Arthur Miller (1915-2005)
Miller's language in Death of a Salesman is vernacular. His characters in this play are all from the working-class background. Unlike the characters of noble background in the classical tragedies, Miller's characters in Death of a Salesman speak in a vernacular language. Colloquial and informal languages have become the emerging language of modern tragedies. Almost all the characters in Death of a Salesman speak in a vernacular language full of colloquial and slang words. By allowing his characters to speak in such language Arthur Miller has actually intended to subvert the established convention of the classical tragedies.
The kind of language Arthur Miller's has used in Death of a Salesman is not poetic, is not in keeping with the generic convention of a tragedy. His language is typically the language of modern tragedy. Moreover, the kind of language Miller's characters speak in the play appears to be exactly the language they speak in their real life. This shows that Miller is at home in the art of giving natural language to his characters for conversation and utterance.
Miller has an infallible ear for natural dialogue. To Miller a person's background matters, so he makes his characters speak in a true to life style, or vernacular. Their language reflects all the directness, humor and pain of working-class people. For example:
Biff: "I'm mixed up very bad. Maybe I ought get married. Maybe I ought get stuck into something." This is a matter of fact, vocabulary, full of bad grammar, slang, and casual, sloppy pronunciation. Yet Biff is instinctively going right to the heart of his confusion.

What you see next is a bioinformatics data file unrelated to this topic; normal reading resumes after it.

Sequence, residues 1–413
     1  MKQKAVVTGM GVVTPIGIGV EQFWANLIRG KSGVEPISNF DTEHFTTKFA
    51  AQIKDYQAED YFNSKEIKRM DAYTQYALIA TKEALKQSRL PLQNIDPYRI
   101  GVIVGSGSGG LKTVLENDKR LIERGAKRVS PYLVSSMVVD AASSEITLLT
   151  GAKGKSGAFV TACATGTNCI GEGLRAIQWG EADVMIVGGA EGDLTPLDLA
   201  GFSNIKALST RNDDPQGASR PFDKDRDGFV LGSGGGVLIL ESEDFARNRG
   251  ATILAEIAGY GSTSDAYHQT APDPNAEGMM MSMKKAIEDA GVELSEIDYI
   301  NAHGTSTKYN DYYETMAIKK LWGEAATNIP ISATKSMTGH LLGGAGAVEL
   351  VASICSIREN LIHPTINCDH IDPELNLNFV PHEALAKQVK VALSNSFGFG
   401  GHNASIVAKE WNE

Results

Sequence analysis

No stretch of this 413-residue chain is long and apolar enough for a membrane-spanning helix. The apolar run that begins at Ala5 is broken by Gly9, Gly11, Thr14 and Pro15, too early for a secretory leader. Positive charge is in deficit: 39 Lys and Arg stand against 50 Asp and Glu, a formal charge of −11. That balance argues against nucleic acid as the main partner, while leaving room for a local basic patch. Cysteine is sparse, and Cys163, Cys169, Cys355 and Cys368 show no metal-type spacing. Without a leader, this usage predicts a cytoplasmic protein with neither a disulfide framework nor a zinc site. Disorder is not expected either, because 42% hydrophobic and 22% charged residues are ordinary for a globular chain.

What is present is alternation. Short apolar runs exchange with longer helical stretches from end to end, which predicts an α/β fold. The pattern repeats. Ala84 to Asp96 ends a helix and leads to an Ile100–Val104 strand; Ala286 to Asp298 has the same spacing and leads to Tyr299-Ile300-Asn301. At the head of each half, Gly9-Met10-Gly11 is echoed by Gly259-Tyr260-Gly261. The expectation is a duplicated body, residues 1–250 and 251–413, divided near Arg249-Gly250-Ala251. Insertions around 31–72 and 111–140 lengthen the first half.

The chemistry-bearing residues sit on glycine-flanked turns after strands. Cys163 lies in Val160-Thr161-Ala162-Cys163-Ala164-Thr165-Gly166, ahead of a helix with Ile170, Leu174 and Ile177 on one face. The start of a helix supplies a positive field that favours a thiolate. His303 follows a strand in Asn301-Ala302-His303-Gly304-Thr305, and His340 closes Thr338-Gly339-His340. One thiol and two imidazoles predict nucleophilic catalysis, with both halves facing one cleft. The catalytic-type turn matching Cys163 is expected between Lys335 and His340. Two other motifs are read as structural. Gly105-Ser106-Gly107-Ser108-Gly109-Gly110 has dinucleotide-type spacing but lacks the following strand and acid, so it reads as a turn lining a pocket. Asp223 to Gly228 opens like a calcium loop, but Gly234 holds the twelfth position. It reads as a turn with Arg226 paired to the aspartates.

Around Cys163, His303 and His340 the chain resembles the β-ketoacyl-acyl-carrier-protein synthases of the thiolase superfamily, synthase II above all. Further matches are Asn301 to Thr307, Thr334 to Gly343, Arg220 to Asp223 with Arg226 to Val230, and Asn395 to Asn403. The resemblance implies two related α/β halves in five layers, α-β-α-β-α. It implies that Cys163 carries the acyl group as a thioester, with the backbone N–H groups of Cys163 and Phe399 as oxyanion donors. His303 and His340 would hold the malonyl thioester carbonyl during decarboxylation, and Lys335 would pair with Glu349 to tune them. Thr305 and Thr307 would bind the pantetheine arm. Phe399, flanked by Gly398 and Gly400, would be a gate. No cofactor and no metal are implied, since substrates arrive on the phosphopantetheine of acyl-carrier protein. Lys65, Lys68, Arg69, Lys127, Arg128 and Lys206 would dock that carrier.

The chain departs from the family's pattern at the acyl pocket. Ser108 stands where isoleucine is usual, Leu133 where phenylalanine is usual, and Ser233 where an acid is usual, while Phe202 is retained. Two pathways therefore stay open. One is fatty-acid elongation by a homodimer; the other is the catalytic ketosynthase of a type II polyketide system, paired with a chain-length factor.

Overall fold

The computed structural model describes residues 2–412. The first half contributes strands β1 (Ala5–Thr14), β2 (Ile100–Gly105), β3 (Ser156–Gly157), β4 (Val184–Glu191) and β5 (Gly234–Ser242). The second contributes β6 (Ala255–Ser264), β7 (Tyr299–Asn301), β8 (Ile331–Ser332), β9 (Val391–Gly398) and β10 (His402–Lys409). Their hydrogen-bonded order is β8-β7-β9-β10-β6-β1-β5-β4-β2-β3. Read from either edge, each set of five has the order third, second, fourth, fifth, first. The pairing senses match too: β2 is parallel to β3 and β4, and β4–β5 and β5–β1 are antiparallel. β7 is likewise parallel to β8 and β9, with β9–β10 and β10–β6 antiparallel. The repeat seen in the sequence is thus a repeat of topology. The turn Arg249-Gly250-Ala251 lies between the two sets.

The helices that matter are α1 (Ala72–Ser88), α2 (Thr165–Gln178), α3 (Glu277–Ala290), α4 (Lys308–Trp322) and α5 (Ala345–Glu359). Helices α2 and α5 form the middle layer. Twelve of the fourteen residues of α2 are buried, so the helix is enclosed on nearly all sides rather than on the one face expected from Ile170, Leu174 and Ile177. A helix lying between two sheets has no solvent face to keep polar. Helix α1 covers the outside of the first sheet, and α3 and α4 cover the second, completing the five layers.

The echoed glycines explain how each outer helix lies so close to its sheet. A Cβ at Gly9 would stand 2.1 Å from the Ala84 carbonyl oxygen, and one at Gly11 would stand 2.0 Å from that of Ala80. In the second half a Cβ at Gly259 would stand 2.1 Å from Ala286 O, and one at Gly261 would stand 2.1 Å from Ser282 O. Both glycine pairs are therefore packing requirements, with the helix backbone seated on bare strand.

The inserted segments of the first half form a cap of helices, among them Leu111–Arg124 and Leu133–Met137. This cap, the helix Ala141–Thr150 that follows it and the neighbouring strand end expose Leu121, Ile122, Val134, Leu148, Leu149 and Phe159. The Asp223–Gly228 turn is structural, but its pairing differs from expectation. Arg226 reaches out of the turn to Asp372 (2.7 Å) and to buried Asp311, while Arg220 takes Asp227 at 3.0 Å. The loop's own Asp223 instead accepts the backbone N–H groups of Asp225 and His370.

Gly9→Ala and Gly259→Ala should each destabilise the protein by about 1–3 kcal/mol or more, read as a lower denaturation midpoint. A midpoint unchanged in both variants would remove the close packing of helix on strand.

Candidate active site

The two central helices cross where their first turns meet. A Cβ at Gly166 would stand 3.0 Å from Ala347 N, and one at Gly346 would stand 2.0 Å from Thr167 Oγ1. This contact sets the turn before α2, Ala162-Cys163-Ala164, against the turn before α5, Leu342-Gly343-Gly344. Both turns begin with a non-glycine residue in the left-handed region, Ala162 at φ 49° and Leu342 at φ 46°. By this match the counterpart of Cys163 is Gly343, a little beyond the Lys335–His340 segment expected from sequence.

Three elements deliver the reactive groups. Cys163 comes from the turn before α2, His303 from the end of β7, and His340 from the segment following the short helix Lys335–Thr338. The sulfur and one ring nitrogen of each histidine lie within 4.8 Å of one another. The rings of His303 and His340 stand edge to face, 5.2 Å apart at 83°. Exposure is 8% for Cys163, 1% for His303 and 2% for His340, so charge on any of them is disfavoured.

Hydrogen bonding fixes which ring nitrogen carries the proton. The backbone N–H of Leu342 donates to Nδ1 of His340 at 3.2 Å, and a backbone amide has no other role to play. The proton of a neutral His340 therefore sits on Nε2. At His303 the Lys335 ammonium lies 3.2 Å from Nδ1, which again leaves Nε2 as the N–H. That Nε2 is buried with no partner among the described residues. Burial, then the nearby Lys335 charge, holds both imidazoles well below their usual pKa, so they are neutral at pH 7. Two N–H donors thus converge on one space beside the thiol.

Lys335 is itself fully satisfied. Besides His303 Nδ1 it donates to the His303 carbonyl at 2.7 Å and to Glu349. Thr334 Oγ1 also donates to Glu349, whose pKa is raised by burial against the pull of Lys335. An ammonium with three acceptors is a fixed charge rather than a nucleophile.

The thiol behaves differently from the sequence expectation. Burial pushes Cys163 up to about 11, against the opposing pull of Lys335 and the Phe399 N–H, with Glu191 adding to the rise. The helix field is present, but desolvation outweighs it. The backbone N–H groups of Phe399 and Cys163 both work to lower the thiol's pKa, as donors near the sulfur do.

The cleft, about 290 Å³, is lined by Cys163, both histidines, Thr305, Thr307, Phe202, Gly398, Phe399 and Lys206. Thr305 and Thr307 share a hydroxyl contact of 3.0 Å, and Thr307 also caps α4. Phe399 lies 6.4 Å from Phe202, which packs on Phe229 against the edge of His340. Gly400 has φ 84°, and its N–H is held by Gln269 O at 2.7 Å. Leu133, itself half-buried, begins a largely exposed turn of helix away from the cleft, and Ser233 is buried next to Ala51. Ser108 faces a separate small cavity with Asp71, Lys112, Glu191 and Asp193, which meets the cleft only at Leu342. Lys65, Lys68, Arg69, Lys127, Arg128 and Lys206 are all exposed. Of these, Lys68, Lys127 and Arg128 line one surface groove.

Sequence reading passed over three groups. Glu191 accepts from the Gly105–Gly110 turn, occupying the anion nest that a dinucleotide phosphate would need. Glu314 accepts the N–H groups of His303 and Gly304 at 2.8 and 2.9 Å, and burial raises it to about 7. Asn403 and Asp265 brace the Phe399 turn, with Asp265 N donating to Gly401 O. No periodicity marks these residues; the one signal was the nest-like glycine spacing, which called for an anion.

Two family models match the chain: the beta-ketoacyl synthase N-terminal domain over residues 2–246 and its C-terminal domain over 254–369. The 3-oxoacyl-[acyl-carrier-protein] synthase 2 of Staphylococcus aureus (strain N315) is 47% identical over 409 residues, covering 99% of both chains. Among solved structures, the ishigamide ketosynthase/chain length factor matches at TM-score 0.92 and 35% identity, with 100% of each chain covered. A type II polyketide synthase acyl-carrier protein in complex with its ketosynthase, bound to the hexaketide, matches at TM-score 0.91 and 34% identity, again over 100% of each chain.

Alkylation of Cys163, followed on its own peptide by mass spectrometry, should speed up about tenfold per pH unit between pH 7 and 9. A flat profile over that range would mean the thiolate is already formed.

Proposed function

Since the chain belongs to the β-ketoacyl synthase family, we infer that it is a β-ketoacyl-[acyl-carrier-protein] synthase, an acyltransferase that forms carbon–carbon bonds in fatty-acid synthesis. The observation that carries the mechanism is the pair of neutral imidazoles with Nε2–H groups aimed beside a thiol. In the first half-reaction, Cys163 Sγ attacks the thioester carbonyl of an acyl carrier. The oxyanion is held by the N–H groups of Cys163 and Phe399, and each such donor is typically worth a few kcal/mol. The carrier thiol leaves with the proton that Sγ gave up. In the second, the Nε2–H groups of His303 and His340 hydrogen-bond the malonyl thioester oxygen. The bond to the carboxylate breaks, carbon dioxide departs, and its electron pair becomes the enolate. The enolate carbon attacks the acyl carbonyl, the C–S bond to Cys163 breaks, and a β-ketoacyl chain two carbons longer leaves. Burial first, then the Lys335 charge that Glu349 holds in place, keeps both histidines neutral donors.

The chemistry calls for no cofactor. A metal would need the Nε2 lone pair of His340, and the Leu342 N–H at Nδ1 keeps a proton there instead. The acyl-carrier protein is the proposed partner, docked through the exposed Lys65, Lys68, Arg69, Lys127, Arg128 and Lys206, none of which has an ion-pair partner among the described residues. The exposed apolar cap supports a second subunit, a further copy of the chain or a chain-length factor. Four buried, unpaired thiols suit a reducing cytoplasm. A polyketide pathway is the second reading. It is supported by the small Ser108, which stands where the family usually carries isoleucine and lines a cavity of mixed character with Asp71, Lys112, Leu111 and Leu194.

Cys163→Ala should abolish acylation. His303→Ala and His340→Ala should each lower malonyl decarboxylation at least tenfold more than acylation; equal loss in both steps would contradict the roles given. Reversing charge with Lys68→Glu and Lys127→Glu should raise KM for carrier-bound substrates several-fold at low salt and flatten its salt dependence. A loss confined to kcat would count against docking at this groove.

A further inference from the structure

A play usually shows its characters at the peak of some change or crisis, and Death of a Salesman does this to the fullest measure. A family that has never been very direct or honest, in trouble financially and emotionally is suddenly thrown together after several years, and the things they say to each other are explosive and full of meaning. Because this family has always fooled itself with lies and exaggerations, readers must be alert to the contradictions, to people not saying what they mean. The pauses, too, seem significant, and the things they don't say.
At moments the characters seem almost poetic in the intensity of their emotions. In the special circumstances of disaster they are moved to phrase their thoughts more formally than they otherwise might, as when Charley, standing at Willy's grave, says, " Nobody dust blame this man."
The times when characters are most agitated are when they use metaphors, or poetic comparisons. For example, in Act I, when Linda is accusing Biff of shiftlessness, she says, "A man is not a bird, to come and go with the spring time". In Act II, when she is begging Biff on the phone to help his father, she says, "Be loving to him. Because he's only a little boat looking for a harbor." A few pages later when Willy is desperately demanding a New York job from Howard, he says, "You can't eat the orange and throw the peel away- a man is not a piece of fruit". In times of emotional intensity, a metaphor is often the most graphic or vivid way to illustrate a point.
Arthur Miller's skill in blending ordinary and poetic speech is one of the reasons this play is a modern classic. It touches a universal nerve of realism and poignancy. Indeed, a great many people wrote to Miller that their own lives had been revealed in the play.